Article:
At least the Gen1 Cruze (and every other GM car I've owned) has the spare tire stowed with the valve stem UP. On my parents Hondas (a Fit and an Accord) the spare tires are stowed with the valve stems DOWN and the spares have to be removed in order to check pressures!
 

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At least the Gen1 Cruze (and every other GM car I've owned) has the spare tire stowed with the valve stem UP. On my parents Hondas (a Fit and an Accord) the spare tires are stowed with the valve stems DOWN and the spares have to be removed in order to check pressures!
Valve up or valve down in storage depends on how the jack and other equipment is stored. I've seen vehicles where the jack is stored above the spare, leading to the value down. GM tends to store the jack below the spare, leading to the valve up.
 

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Discussion Starter · #14 ·
I did pick up a little compressor to keep in the car. Debating with myself whether keeping a plug kit in the car is a good idea, considering the heat...

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Oooh boy, no it doesn't - got yourself some dry rot there!



Yes, you initiate it from the cluster, but you have to use the tool to sync the wheel speed sensors.
Maybe mine is a fluke then, because I initiated it and was able to sync them up by releasing air from each tire until the car honked and flashed lights or whatever, and then my TPMS light went away. Then I filled them to the proper air level.
 

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Maybe mine is a fluke then, because I initiated it and was able to sync them up by releasing air from each tire until the car honked and flashed lights or whatever, and then my TPMS light went away. Then I filled them to the proper air level.
That's really odd for a 2014. I think it was removed because in a busy shop, there's a lot of tires being filled and emptied - you could easily end up with the relearn learning someone else's TPMS.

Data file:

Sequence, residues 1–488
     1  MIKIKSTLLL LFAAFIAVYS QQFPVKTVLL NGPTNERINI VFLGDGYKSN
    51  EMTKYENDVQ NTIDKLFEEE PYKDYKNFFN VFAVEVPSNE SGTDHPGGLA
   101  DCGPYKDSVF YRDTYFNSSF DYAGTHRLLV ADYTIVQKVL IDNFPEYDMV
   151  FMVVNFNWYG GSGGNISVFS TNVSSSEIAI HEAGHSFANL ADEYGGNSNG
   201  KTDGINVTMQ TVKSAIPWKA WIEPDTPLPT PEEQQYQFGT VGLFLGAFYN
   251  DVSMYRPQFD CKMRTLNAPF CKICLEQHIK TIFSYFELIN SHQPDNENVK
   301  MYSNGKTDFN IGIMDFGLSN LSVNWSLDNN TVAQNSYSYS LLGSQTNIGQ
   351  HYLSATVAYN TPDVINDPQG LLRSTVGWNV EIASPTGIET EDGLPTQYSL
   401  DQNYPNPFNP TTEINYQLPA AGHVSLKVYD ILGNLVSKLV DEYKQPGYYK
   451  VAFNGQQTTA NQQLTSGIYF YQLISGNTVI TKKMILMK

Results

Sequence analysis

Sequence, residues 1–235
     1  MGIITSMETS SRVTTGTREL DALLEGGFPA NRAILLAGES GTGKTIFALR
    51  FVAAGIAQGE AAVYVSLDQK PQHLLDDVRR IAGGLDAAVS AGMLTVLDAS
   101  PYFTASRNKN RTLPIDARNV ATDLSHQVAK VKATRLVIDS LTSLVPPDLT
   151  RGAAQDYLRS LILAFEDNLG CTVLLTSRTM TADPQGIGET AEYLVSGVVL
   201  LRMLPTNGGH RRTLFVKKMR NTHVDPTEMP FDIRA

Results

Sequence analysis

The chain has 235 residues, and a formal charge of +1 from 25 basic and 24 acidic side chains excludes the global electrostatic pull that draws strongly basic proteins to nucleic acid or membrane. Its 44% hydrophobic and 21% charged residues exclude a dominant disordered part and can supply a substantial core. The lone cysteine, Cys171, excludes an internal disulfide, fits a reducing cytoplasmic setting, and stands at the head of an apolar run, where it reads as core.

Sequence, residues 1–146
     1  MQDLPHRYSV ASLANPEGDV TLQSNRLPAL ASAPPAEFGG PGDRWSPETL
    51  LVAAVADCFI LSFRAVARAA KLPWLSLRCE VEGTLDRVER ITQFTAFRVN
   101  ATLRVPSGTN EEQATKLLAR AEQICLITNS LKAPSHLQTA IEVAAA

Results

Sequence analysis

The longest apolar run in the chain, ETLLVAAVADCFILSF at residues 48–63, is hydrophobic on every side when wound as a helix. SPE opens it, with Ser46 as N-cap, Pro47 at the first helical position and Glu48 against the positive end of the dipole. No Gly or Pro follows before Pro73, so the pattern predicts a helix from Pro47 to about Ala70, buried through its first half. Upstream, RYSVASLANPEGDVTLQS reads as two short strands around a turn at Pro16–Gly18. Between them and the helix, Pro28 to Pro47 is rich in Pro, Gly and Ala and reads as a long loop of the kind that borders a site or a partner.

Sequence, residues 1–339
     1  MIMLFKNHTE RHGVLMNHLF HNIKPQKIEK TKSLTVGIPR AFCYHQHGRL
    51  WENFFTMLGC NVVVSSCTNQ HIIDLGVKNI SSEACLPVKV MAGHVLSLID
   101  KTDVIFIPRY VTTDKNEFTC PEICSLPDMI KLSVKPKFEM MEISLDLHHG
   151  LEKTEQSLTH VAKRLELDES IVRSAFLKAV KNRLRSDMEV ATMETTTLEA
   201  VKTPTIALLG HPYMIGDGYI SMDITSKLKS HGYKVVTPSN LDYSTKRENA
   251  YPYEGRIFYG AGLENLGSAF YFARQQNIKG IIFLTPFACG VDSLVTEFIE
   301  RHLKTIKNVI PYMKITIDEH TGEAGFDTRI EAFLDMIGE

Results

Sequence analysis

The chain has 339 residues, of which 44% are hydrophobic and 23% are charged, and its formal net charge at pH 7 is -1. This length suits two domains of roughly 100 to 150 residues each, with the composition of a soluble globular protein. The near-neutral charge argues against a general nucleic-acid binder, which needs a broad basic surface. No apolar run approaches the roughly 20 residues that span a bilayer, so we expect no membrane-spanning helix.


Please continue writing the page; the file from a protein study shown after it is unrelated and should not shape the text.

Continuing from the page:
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Maybe mine is a fluke then, because I initiated it and was able to sync them up by releasing air from each tire until the car honked and flashed lights or whatever, and then my TPMS light went away. Then I filled them to the proper air level.
You have the ECU flash done?

At least the Gen1 Cruze (and every other GM car I've owned) has the spare tire stowed with the valve stem UP. On my parents Hondas (a Fit and an Accord) the spare tires are stowed with the valve stems DOWN and the spares have to be removed in order to check pressures!
LOL I haven't checked if mine was faced up or down. Jack is stored above the spare for my 9.5 gen.

Cruze my spare was stored inside the GM Fix A Flat attached to the air compressor.
 

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Gotta love 'em.

... on my way between deserts... Another weird thing: the TPMS thinks this right rear tire is in the right front position.
It seems you were driving on probably hot pavement on a hot day. The air in the tire will increase temperature on hot days thereby increasing the pressure.
 

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I have the tool and it takes about 30 seconds to do the operation, starting with the driver's wheel first. I think you can do it in the old fashion manner by adding or taking out 2psi until it gets recognized by the TPMS, then go to the next wheel, but it will take time. My dealer does this operation for free.